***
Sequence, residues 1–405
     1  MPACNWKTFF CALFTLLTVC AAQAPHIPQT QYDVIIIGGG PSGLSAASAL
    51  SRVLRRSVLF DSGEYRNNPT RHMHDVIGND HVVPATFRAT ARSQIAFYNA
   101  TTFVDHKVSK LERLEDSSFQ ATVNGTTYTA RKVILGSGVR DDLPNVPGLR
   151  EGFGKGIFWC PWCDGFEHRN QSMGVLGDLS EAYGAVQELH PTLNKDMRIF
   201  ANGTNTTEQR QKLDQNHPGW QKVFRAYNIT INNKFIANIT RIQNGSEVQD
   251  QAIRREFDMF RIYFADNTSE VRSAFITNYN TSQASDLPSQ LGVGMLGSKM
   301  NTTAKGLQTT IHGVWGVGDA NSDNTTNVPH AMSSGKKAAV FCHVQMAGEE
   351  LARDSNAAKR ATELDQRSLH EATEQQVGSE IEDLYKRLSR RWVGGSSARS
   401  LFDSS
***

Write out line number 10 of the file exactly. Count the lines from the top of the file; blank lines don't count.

   401  LFDSS